24 September 2011
U.S. Still Trying to Win the War on Drugs After 40 Years of Fighting
President Nixon formed the Drug Enforcement Administration (DEA) and coined the term "War on Drugs" in 1973. While he started a global movement to combat the creation, sale and use of drugs, world leaders today claim this war has failed. This perception is largely based on the war's poor track record, which has many advocacy groups and politicians calling for national drug policy changes. These changes could include legalizing or decriminalizing certain drugs and drug-related charges in an effort to focus on more productive strategies.
A War is Born
President Eisenhower appointed a committee in 1954 to "stamp out narcotic addiction," but it was President Nixon's announcement that the new DEA would engage in "an all-out global war on the drug menace" in 1973 that started the War on Drugs. Since then, the U.S. has spent over $2.5 trillion to fight an unwinnable war against what General Barry McCarffrey referred to as a shapeless, intangible noun. Despite the massive advertising campaigns of "Just Say No" and "This is your brain on drugs," the War on Drugs has had little success.
Poor Track Record
Besides the huge expense to support the War on Drugs, these efforts have increased rates of incarceration for drug crimes, especially for minor possession offenses, and drug use has risen to over 19 million Americans. Many illegal drugs are smuggled into the U.S. through Mexico, which has caused drug-related crime and problems within border states, and states like Utah, with major interstates used for drug distribution. In addition, studies show that educational drug programs like D.A.R.E. have failed to produce solid results, and anti-drug policies often unfairly target areas with high populations of people with lower-incomes.
Time for Change
In June, the Global Commission on Drug Policy, a 19-member panel including former U.N. Secretary-General Kofi Annan and other world leaders, addressed the current War on Drugs approach. In its statement, the commission proposed that countries should instead explore drug legalization and "end the criminalization, marginalization and stigmatization of people who use drugs but do no harm to others." Many drug advocacy groups in the U.S. agree and champion that now is the time to overhaul U.S. drug policies, crimes and penalties.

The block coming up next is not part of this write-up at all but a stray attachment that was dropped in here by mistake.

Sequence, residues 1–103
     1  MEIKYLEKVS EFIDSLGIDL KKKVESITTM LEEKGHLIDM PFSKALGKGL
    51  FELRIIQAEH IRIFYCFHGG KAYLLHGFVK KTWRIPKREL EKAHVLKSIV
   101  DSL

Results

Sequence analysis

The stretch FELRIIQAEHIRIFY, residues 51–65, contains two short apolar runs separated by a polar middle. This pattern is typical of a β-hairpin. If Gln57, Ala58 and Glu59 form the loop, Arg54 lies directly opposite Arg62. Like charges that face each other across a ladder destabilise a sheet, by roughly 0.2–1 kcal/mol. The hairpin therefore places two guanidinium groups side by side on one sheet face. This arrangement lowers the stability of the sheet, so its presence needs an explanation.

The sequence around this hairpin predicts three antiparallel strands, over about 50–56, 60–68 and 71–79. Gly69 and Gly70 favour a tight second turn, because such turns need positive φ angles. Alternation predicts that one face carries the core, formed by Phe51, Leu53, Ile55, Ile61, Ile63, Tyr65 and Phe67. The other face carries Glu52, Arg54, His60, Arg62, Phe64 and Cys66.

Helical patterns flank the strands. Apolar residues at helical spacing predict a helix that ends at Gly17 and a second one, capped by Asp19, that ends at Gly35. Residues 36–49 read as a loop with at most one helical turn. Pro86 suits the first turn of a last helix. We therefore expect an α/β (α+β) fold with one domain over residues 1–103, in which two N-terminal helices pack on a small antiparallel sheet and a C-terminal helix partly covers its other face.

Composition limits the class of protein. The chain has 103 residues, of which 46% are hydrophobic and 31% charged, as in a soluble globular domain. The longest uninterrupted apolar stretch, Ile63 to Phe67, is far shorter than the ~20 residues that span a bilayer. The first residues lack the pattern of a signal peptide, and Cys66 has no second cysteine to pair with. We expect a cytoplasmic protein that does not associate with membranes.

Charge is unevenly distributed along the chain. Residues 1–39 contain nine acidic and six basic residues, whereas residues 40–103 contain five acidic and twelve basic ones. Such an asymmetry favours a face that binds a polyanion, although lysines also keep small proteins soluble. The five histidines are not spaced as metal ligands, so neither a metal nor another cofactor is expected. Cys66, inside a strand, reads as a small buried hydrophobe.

Drug Crimes and Punishment
Many leaders, politicians, lawyers and law enforcement officials, often advocate for increasing drug-related crimes and penalties to gain votes, publicity or promotions. But even Attorney General Mark Shurtleff of Utah, a cancer survivor, said he could condone legalizing marijuana for medical purposes, like helping cancer patients deal with the horrible nausea that follows chemotherapy. This idea, along with other public opinions that drugs may be more of a public health issue than a criminal one, will hopefully push society to take a different look at how to approach the War on Drugs in the future.
If you were recently arrested for or charged with a drug crime, and need legal help or advice about drug laws and penalties in your state, contact a local criminal defense attorney. Criminal defense lawyers with direct experience litigating drug-related offenses may be able to help you reduce or dismiss some charges, especially minor ones, until the drug laws and policies in the U.S. are overhauled at both the state and federal levels.
Article provided by Law Office of Steven M Dubreuil PLLC
24 September, 2011
WORLD NEWS REPORT